In its contemporary usage, the fourth estate refers in the main to the mass media as a collectivity. Edmund Burke, the great Anglo-Irish thinker and parliamentarian, is credited with categorizing the field of journalism as constituting a fourth estate in 18th century British society. In his book, On Heroes and Hero Worship, Thomas Carlyle suggests that Burke coined the term in 1787 at a time when the British press was rising to the challenge of providing more intense coverage of the deliberations of the House of Commons. For the staid, conservative British, that moment of transition was rife with possibility and peril. On the one hand, press coverage was going to demystify the legislative process. By beaming a light on the arcane rituals and ceremonial encrustations of lawmaking, the British press was going to bridge the gulf between the people and their legislators, with the added collateral advantage of vitalizing democracy, enhancing transparency and increasing the quotient of public expectations and political accountability.

We have it on Carlyle’s authority that Burke was deeply charmed by the prospective advantages of press scrutiny. Carlyle wrote, “Burke said that there were three Estates in Parliament; but in the Reporters’ Gallery yonder there sat a fourth Estate more important far than they all.” In this Burkean social architecture, the press, despite the relative recentness of its mandate, occupies a monumental seat, no inferior to the first three Estates: the Lords Spiritual, the Lords Temporal, and the Commons. In Britain’s tradition at the time, the two “lorded” groups constituted the upper chamber of parliament whilst the Commons was the lower chamber.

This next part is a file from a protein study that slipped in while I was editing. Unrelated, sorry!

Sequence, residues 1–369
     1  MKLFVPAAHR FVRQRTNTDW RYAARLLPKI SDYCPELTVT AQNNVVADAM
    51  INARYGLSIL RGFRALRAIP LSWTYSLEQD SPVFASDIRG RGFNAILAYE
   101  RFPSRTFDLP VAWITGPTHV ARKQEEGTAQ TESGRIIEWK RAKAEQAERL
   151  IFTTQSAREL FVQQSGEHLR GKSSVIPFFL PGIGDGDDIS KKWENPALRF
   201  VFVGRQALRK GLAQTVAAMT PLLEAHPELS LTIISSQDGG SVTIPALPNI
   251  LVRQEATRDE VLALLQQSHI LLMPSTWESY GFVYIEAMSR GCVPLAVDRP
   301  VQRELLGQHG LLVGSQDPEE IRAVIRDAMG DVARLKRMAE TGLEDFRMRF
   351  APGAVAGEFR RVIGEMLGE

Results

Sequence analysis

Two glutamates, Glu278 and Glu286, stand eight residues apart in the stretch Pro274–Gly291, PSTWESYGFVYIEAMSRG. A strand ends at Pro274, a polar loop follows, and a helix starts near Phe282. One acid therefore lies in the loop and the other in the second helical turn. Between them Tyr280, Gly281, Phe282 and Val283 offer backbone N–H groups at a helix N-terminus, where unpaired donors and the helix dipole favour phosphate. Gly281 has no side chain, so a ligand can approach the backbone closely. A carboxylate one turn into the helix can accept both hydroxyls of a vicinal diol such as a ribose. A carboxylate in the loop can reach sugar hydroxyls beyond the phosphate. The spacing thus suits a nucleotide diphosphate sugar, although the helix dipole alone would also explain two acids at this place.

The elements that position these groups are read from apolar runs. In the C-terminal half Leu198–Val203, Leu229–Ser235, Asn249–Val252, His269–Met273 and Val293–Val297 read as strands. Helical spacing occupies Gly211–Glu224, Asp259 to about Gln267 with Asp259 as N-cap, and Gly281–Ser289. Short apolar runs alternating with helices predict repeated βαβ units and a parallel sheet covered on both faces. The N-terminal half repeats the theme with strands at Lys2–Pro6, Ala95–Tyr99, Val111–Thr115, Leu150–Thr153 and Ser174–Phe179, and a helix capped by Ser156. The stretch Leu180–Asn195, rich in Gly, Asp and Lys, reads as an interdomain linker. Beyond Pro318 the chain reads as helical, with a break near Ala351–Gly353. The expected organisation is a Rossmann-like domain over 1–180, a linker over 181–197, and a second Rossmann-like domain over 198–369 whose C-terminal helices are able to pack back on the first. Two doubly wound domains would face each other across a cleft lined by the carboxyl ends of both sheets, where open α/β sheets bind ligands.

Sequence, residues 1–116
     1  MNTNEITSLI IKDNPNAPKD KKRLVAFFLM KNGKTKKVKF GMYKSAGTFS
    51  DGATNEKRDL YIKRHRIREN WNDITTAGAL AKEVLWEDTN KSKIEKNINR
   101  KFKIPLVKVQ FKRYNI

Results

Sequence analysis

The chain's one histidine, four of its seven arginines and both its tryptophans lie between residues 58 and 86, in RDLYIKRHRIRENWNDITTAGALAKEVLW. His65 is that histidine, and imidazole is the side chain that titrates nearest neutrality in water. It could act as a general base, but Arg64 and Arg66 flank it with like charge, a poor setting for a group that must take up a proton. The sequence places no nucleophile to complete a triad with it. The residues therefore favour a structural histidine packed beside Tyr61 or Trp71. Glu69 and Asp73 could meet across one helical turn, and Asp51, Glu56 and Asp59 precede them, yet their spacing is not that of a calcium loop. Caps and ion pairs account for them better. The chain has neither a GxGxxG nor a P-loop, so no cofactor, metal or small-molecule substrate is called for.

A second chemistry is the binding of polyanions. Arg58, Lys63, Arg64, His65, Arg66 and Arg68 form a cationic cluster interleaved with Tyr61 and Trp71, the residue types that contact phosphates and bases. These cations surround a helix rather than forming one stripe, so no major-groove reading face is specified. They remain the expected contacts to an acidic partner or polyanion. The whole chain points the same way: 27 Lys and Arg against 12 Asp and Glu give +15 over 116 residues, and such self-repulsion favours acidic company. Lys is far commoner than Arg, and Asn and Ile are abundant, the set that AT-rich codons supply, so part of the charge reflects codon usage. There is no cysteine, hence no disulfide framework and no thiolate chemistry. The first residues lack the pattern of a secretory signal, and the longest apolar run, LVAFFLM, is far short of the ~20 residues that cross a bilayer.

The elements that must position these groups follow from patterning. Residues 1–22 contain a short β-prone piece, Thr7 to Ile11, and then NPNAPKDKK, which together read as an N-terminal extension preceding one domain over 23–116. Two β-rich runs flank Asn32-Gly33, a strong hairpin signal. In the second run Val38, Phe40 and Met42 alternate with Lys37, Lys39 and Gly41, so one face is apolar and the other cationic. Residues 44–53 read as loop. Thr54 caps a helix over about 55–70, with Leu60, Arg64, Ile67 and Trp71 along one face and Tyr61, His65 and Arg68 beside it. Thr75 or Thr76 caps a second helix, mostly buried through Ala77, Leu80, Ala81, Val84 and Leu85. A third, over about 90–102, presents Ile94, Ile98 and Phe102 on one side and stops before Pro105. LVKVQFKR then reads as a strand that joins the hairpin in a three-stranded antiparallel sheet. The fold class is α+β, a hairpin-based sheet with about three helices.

Of course, the term “the fourth estate” has a longer, richer, more slippery and variegated pre-Burkean usage, history and context. However, it does not serve our purposes to trace or excavate all of the meanings, histories and guises worn by the term. It suffices to remark that our contemporary sense of the term is infused with Burk

e’s spirit.

Once that is understood, then we are challenged to ponder the extent to which an idea articulated by a British philosopher speaks to the Nigerian experience. Would we be able to claim, as Burke did, that the Nigerian press – or the mass media, broadly – is a vibrant player in the nation’s fledging democratic industry, a champion of transparency, and sustainer of the principle of accountability? What are the odds that Burke, were he to stir from his grave and land in Nigeria, would gush about the Nigerian media, recognizing them as a fertilizing agent of our ongoing experimentation with a nasty phenomenon that our politicians often call nascent democracy? Looking at the Nigerian media, would a Burke proclaim them as surpassing the other sectors of the polity? Have the media in Nigeria risen to assume a consequential role in the twists and turns of the country’s political development? Have we ever witnessed – or are we witnessing – a golden age of mass media practice in Nigeria, one that rivals the vibrancy that moved Burke to make his effusive assessment of the British press?